Reginster argues that for Nietzsche, in order for life to be meaningful, our goals must both be valuable and realizable. To avoid nihilism, then, the purposes and projects we embrace must have the possibility of actually being accomplished. Otherwise, we will either become disoriented or fall into despair. Nihilistic disorientation is connected to the conviction that the highest human values are no longer valuable, while nihilistic despair is connected to the conviction that the highest human values are  unobtainable because they are not objectively real, but rather illusory projections of the human mind.

Nietzsche’s own conception of nihilism, Reginster claims, is ambiguous in the sense that his writings equivocate between addressing nihilism as disorientation and addressing nihilism as despair. The problem is that these two senses of nihilism actually seem to conflict with one another, since if one no longer values a goal, then its unattainability would not be a source of distress, and, on the other hand, if a goal can’t be realized, then by its very nature it becomes drained of value. In other words, if one is a disoriented nihilist, then there is no reason for one to also be a despairing nihilist, and vice versa. If you don’t value riches, for instance, then you won’t even care that they can’t be achieved. And, if you know that you can’t be rich, then the desirability of aspiring toward riches will vanish. Reginster argues that most interpreters underemphasize the ambiguity in Nietzsche’s understanding of nihilism, but that nonetheless it is key to understanding his strategy for affirming life and overcoming both despair and disorientation.

The crux of Nietzsche’s strategy is, first, to reveal the groundlessness of traditional values and, second, to introduce a new highest standard of attainable values based on the will to power. So, the overcoming of nihilism proceeds in stages. The first stage involves revealing that the highest values currently driving western culture to nihilistic despair  – Judeo-Christian values –  lack objective standing. Since they are not objectively “real,” Judeo-Christian values are illusions that are “life-negating” in the sense that they encourage us to pursue goals that are unattainable (such as everlasting life in heaven). Revealing the inherent unrealizability of the values implied by this belief system undermines their value, and so this first stage of Nietzsche’s strategy liberates us from Juedo-Christian nihilism as despair. By revealing the illusory, and thus unattainable, nature of things like God and heaven, their desirability as aspirational goals vanishes. However, the elimination of these traditional values in turn provokes nihilistic disorientation. With the death of God, a void is left in place of the highest (unattainable) values, and the entire moral order that was implied by God’s existence collapses. We are robbed of our highest (unattainable) goals and aspirations, and life becomes, once again, meaningless insofar as there is no organizing center, no ultimate guiding purpose to life. Nihilism as disorientation is thus introduced.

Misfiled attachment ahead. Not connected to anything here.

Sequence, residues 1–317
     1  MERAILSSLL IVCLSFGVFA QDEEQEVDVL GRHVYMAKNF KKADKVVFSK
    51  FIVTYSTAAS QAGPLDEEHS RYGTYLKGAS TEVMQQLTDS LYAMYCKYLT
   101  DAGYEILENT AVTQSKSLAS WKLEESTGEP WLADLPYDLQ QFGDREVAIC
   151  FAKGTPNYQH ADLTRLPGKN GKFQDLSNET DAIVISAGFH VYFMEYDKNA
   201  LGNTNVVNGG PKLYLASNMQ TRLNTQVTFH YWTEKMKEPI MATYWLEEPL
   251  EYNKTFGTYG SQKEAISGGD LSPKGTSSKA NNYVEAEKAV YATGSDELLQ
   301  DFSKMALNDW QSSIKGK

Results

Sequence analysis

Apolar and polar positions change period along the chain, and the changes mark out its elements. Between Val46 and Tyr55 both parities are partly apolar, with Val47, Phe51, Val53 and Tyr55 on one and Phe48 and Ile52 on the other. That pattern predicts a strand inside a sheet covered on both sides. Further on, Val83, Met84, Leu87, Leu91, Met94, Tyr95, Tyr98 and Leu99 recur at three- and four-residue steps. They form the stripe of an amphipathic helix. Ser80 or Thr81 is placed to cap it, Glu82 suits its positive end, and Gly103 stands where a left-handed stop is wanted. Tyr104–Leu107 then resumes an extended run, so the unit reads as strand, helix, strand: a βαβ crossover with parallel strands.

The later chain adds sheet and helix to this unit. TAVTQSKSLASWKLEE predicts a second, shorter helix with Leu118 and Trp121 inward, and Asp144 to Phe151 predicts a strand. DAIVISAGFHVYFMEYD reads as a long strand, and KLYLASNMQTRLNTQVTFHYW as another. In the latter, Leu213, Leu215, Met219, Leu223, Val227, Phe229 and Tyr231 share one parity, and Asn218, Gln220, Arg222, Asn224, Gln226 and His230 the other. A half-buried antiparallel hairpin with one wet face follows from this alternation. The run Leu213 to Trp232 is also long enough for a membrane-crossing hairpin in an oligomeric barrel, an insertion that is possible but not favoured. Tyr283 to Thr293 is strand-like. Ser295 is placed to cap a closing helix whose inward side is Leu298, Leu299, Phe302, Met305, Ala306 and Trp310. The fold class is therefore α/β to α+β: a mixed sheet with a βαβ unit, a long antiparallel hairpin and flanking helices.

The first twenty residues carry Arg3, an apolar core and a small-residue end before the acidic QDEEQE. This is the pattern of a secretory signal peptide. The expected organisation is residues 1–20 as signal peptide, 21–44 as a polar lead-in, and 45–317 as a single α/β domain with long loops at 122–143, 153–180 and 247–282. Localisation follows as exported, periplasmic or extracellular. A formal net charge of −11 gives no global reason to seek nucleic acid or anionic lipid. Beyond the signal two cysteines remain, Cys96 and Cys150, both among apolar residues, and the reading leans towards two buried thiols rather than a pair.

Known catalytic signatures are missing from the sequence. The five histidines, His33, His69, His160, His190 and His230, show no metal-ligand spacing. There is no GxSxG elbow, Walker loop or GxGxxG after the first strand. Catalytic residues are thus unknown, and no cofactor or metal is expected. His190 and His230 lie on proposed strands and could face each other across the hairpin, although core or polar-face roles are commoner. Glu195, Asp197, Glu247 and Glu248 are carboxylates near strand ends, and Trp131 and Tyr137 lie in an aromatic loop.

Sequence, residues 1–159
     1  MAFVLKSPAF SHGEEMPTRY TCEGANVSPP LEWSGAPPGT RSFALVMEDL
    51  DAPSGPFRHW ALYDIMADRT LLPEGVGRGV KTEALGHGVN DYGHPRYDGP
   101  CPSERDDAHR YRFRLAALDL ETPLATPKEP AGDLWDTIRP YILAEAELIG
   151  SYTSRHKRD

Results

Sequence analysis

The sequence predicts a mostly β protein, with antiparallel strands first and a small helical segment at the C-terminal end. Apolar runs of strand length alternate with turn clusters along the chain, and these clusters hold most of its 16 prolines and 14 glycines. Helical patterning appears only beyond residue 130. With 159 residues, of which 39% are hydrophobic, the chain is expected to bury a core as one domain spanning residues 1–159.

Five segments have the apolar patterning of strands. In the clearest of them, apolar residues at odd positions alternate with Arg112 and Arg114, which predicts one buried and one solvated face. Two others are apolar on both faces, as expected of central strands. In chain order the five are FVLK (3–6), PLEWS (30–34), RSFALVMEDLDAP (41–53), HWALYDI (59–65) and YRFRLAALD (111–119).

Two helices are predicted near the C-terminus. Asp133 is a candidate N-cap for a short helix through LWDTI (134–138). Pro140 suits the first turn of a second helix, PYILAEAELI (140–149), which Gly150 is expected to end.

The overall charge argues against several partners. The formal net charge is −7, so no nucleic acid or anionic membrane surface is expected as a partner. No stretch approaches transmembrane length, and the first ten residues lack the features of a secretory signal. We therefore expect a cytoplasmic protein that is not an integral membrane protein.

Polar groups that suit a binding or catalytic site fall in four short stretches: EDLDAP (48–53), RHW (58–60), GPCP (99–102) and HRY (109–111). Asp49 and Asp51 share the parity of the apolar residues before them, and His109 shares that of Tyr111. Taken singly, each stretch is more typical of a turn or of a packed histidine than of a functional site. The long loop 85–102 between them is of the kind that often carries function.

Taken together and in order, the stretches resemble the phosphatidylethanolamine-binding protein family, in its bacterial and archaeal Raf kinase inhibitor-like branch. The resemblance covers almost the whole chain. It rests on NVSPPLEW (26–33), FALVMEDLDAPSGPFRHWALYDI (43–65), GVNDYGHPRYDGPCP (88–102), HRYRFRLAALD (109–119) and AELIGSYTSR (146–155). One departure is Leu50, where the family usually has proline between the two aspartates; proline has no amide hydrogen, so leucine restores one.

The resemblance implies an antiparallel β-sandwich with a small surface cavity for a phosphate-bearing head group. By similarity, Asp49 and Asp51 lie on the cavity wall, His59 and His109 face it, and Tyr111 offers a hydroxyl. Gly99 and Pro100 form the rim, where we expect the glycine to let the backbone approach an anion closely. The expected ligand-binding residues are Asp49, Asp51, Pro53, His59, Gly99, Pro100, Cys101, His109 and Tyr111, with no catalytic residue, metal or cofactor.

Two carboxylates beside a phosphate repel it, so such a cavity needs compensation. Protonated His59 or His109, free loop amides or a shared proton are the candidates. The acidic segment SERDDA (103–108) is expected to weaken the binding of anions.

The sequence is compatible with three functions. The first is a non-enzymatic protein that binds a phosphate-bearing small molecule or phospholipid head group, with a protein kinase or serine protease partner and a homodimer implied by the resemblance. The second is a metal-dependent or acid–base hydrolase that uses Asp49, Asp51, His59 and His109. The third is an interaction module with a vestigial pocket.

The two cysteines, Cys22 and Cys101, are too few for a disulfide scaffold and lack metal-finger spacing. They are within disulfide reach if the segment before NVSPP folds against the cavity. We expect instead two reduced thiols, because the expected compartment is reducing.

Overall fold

The second stage in Nietzsche’s strategy is to offer a revaluation, showing that “life-negating values are not the highest values.” (p. 50) He does this, according to Reginster, by proposing the will to power as a replacement for the highest “principle” or ethical “standard” (p. 148). What this accomplishes is to introduce a this-worldly, attainable standard of value, as opposed to the other-worldly, unattainable standard advocated in the Judeo-Christian tradition. The main barrier in the way of advocating this new standard, however, is “the problem of suffering” (p. 159). Influenced by his reading of Schopenhauer, Nietzsche regards this problem as the issue uniting all western (and some non-western) moral systems. Whether it is Christianity, Buddhism, Utilitarianism, or Eudaimonism, the condemnation of suffering seems universal. But if, as all of these systems claim, suffering is an evil that to some degree will always remains a part of our life in this world, then the goal of eliminating suffering is itself nihilistic, since it involves the pursuit of something that can never be actually and fully realized in the here-and-now. All of those moral systems advocating the end of suffering are, thus, life-negating insofar as they promote the nihilism of despair.

The conclusion Nietzsche thus reaches is that any non-nihilisitic value system must embrace the inevitability of suffering, and he advocates the will to power as his solution. The doctrine of the will to power holds that the highest good is power itself, and power just is the “overcoming of resistance” (p. 177). Power is only manifested (as Schopenhauer had already suggested) in the course of its practical, concrete exercise. It is not a “thing,” but rather a process or “activity” (p. 196) that occurs when two forces encounter one another and clash. There is, in this sense, no such thing as potential, unexpressed power; only power actually manifested in the course of active expression. Power becomes manifest only when there is some obstacle to be overcome. Furthermore, any obstacle we encounter must offer some degree of opposition to our efforts. But opposition to our will is also what makes for difficulty, struggle and suffering in life.  With resistance, thus, there is always pain and suffering, but without it, there is no possibility for the exercise of will power and the sort of overcoming that makes us feel happy and joyful in our accomplishments. It follows, then, that if we are to value power as our highest value, then we must also value suffering.